Soybean: The seed-borne fungal and bacterial pathogens of soybean are soybean bacterial pustule (X. axonopodis pv. glycinea), brown spots (Septoria glycinea), frogeye leaf spots (Cercospora sojina), yellow leaf spots (P. manshurica), charcoal rot (M. phaseolina), and anthracnose (C. truncatum). Many seed-transmitted viruses are also reported in soybean, including BCMV, CMV, CYMV, CmeV, CPMMV, and SBMVin West Africa. Rigorous tests are also conducted for other viruses depending on the country of origin. Seeds are fumigated with phostoxin (55% aluminum phosphide) to eliminate insect pests and fungicide treatments are given to eliminate seed-borne pathogens.
4.2. Vegetatively Propagated Crops
Banana (and plantain), cassava, potato, sweetpotato, and yam are the major vegetatively propagated crops (VPCs) exchanged by the CGIAR programs [55
]. Vegetatively propagation poses the greatest risk of the introduction of pests through planting material, which can carry any infections from previous seasons to the next cropping cycle and thus accumulate pathogens, especially viruses, over generations of cultivation. Many transboundary pest introductions have been linked with the transfer of vegetative propagules: the spread of BBTV to Africa and its further spread in the continent [19
]; in the case of potato, the necrotic strains of potato virus Y (PVY) in Brazil and aggressive strains of potato late blight in Africa and Asia and potato cyst nematode (Globodera palladi
) in East Africa; in the case of cassava, the regional spread of cassava brown streak virus (CBSV), which is attributed to contaminated stem propagation; and in Asia, the spread of Sri Lankan cassava mosaic virus (SLCMV) from South Asia to East Asia [57
]. Therefore, many countries regulate vegetative germplasm importation, and the FAO-IPGRI technical guidelines recommend that only in vitro plants that have been tested for pathogens should be moved between countries [36
]. The pollen or true seed of these crops are also exchanged for breeding purposes under adequate phytosanitary controls. By limiting international movement to sterile in vitro plants, the only concern that remains is intracellular obligate pathogens, such as viruses, viroids, and phytoplasmas. Depending on the country, some viruses are regulated by quarantine procedures (e.g., BBTV, CBSV, and PVY), and several other viruses are unregulated (e.g., sweet potato mild mosaic virus). Nonetheless, the standard procedure used by GHUs includes the generation of virus-free in vitro plants as per the FAO/IBPGR technical guidelines for the conservation and distribution of these crops [36
]. All the material exported and imported are tested for viruses, and other pests under NPPO guidance, and only material free of viruses, and other pests, is released to the end-users. Unlike cereals and legumes, the phytosanitation, and testing procedures for clonally propagated crops differ according to the crop species, as explained below.
Banana is a perennial herbaceous plant, traditionally propagated using suckers (side shoots generated from underground corms), and is thus often carries both soil-borne insects and fungi, in addition to shoot-invading viruses, fungi, and bacterial agents. Several banana pathogens, like Fusarium oxysporum
f. sp. cubense
tropical race 4 (Panama disease), banana Xanthomonas wilt (Xanthomonas campestris pv. musacearum
), and several viruses, such as BBTV and banana bract mosaic virus (BBrMV) have restricted geographic distribution. Guaranteeing the movement of pathogen-free germplasm is an important task to minimize the risk of these regulated quarantine pest introduction into new countries. Pathogens that are often symptomless in germplasm (e.g., in vitro plants, corms, and suckers), such as viruses, pose a special risk to the movement of vegetative germplasm. The Bioversity International-CIAT Alliance (1617 accessions), and the IITA (393 accessions) germplasm collections are managed as in vitro cultures. It has been shown that bacterial and fungal contaminants in banana shoot tip culture can be eradicated by isolating small explants, e.g., 1 mm meristems, and culturing them in vitro, but the virus infection still presents an important risk. To mitigate these risks, the Conservation Thematic Group of MusaNet, an international network for Musa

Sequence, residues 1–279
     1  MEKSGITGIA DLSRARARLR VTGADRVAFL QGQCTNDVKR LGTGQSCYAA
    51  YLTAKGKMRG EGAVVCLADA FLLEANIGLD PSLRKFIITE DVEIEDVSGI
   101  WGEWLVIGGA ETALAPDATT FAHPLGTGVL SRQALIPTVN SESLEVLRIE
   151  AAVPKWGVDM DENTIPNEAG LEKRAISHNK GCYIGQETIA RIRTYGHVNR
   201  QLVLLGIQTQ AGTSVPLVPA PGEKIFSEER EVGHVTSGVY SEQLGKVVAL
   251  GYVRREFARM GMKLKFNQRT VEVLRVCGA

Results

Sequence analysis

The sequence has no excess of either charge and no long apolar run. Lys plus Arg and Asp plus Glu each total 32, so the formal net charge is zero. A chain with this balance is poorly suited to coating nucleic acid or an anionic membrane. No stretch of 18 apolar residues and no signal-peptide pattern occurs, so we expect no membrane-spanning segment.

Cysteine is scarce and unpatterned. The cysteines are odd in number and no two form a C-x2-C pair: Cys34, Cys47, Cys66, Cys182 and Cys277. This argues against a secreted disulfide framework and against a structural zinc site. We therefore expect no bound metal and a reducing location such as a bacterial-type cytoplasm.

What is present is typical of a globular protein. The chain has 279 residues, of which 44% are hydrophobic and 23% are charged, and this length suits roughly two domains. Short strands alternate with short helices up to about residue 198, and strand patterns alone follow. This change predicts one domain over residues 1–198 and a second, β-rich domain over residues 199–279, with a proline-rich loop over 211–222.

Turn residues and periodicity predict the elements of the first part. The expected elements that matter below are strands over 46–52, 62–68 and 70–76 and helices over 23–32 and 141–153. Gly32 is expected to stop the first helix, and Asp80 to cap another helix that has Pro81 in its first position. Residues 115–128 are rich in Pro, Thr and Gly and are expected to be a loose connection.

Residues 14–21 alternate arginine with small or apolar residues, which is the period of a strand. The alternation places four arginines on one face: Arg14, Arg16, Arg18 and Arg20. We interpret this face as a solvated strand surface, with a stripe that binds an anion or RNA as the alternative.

genetic resources coordinated by Bioversity International, has recently edited a new version of technical guidelines to minimize the risk of pest introductions, through the movement of germplasm [58
]. These guidelines followed a recommendation issued on the basis of an analysis of the phytosanitary procedures carried out by GHUs [56
]. As per the new guidelines, at least four plants for each accession are grown for six months in a greenhouse. Leaf sampling is carried out from the limb and midrib of the three youngest leaves after 3 and 6 months for the comprehensive detection of the five most important viruses by PCR/RT-PCR: BBrMV, BBTV, banana streak virus (BSV), banana mild mosaic virus (BanMMV), and cucumber mosaic virus (CMV). Comprehensive indexing using electron microscopy is also conducted to search for any viral particle. Sanitation of the virus-infected banana accession is a complex process requiring a combination of meristem culturing, thermotherapy, and chemotherapy. Despite numerous efforts and the continuous optimization of the protocols, the success rate of banana sanitation is around 70%. An accession indexed negative is added to an in vitro banana collection for further safe propagation and distribution. All precautions are taken to avoid any further infection to in vitro plants that could arise if the plant is transferred to the field or greenhouse before distribution.
One of the major challenges for banana germplasm exchange was posed by the finding of an integration of the BSV genome, termed the eBSV (endogenous BSV), in the M. balbisiana
genome, which contributes to the B genome. The eBSV can spontaneously release infectious particles, especially following in vitro culturing and interspecific crosses [19